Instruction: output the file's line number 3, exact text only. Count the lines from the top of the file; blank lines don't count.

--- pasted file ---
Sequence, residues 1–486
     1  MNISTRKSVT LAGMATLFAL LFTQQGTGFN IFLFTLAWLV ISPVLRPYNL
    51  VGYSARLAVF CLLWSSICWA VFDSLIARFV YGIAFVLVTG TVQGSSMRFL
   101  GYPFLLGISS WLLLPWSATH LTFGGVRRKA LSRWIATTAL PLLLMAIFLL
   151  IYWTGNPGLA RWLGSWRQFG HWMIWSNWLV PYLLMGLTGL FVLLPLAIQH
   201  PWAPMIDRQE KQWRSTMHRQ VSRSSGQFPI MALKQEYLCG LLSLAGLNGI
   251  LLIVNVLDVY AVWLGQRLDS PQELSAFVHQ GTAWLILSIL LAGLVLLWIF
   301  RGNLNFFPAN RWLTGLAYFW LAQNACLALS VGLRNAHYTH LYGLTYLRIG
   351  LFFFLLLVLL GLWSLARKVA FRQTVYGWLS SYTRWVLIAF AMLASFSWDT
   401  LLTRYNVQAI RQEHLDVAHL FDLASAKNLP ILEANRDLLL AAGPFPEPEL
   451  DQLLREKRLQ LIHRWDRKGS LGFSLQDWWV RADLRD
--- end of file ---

    51  VGYSARLAVF CLLWSSICWA VFDSLIARFV YGIAFVLVTG TVQGSSMRFL